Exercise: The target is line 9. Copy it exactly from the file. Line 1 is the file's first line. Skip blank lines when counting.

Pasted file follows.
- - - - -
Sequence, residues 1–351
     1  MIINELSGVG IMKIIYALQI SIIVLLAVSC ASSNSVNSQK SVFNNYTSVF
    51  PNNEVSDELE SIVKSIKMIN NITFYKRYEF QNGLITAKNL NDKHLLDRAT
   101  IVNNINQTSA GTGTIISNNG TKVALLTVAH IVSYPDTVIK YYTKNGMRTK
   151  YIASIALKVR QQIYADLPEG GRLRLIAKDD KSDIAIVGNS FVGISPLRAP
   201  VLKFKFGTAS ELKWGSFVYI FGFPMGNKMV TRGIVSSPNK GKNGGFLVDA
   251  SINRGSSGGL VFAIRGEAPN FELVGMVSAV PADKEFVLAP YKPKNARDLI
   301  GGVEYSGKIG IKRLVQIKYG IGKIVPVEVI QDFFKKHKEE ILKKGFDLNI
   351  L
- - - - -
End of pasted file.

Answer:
   351  L